• The thinker: While I would be quick to jump on a poor game, it would not be fair to do that here. The game is a luck fest, but good judgement will make a difference; dice means odds and while every game will be touched by luck a good player will still win more than a bad one. That is enough to make a filler worthwhile and as a break between heavier games I’m always happy to play.
  • The trasher: There’s something brutally combative about Can’t Stop that has enduring appeal. Fortune doesn’t always favour the brave but at the same time this game rarely rewards over-cautious opponents; meaning there’s nothing more fun than chasing the timid up their chosen numbers and watching them fret all the way to the top. And one day, maybe, I can win in the first turn – I’ll always give it a try!
  • The dabbler: Great! The game can be taught in no seconds flat and, better still, everyone remembers the rules even if they only played once five years ago. You can socialise between turns too, as it’s easy to quickly work out the board position on your turn. But it’s just as much fun to ooh and aah, deride and cajole, as your friends try to make that tricky role-or-not decision.

Key observations

Can't Stop in playCan’t Stop is criticised by some for being a bit slow; especially in a four-player game, there can be quite a wait between turns.

But this comes down to your group. If you chat amongst yourselves, or like a lot of table banter, this really isn’t going to be an issue – quite the opposite in fact.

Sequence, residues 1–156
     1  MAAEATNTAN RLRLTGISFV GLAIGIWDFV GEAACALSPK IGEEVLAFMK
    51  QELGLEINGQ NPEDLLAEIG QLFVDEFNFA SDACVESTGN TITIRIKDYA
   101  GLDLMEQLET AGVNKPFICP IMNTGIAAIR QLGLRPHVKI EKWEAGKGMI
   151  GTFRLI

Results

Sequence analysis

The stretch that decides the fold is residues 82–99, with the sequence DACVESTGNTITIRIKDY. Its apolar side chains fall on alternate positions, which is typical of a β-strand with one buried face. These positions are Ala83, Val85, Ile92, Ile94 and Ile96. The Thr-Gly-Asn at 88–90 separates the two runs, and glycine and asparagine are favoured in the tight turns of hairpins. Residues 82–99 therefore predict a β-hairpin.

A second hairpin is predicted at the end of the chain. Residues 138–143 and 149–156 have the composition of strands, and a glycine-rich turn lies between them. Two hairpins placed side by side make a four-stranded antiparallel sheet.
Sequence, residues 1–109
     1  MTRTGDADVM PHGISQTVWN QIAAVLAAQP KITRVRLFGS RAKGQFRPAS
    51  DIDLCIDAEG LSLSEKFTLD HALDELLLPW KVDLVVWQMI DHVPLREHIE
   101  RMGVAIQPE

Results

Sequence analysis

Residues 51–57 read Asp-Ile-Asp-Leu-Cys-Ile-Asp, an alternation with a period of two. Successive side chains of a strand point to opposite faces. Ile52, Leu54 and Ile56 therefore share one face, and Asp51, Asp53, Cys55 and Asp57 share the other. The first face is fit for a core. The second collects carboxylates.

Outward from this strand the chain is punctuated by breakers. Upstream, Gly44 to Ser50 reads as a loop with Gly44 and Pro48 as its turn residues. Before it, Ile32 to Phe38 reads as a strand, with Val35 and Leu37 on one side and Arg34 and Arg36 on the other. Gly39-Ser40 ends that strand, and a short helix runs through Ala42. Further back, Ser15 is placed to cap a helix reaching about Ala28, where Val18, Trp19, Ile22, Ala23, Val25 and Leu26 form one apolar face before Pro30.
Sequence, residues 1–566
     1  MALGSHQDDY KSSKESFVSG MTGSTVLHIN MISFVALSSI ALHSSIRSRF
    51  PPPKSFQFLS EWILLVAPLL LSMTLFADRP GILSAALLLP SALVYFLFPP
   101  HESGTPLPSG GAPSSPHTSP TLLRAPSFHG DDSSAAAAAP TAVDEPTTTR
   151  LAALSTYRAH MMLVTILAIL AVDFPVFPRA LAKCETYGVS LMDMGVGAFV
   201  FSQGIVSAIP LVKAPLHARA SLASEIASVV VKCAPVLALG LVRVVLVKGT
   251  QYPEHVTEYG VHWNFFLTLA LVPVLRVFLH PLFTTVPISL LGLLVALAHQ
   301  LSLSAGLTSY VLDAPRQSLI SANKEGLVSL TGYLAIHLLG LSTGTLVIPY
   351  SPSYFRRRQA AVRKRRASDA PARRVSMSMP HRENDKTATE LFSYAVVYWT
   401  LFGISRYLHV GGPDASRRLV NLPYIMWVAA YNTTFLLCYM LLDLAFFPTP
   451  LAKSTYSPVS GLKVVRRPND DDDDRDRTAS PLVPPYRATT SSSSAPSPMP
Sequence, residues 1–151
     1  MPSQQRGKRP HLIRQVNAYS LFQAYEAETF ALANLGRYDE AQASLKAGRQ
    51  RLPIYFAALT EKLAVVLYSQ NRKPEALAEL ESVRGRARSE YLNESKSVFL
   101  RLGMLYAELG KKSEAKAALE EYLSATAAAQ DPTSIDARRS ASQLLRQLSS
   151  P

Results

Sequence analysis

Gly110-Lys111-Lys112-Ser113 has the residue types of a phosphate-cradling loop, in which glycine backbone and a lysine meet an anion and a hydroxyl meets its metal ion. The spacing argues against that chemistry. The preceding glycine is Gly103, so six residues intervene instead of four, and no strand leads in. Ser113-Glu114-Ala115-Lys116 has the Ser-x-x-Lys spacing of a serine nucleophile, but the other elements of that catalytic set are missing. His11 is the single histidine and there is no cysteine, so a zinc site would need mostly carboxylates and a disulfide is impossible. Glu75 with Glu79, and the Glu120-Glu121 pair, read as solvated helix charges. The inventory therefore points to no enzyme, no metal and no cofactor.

Beyond this, criticism tends to simply come down to personal preference. This is a simple push-your-luck dice game and if that concept really doesn’t float your boat, while this is a classic, it isn’t a miracle worker.


Sid Sackson was years ahead of his time and for me, alongside Acquire, this is his greatest gift to gamers. While more straightforward than his classic game of stocks and shares, this is every bit as enjoyable and in terms of push-your-luck dice games it simply hasn’t been bettered since.

Can't Stop cones

When he died (in his 80s) he left behind a personal collection of over 18,000 games. He was a true gamer and his love for the hobby shines through in his best designs: simple to learn, decisions to make, fun to play.

I wouldn’t say this about many games, but I think Can’t Stop deserves to be in pretty much every collection. It ticks so many boxes – it’s a good filler that’s easy to teach; its quick, with fast set up/put away time; it’s clever yet simple, while encouraging table banter and is suitable for all ages. What’s not to like?

I rate it 8 out of 10 and simply don’t have a bad word to say about it. If you’re new to the hobby, this one should definitely be on your shopping list; but don’t expect it to be more than it is – a fantastic game of gambling and luck that’s a great way to kill half an hour.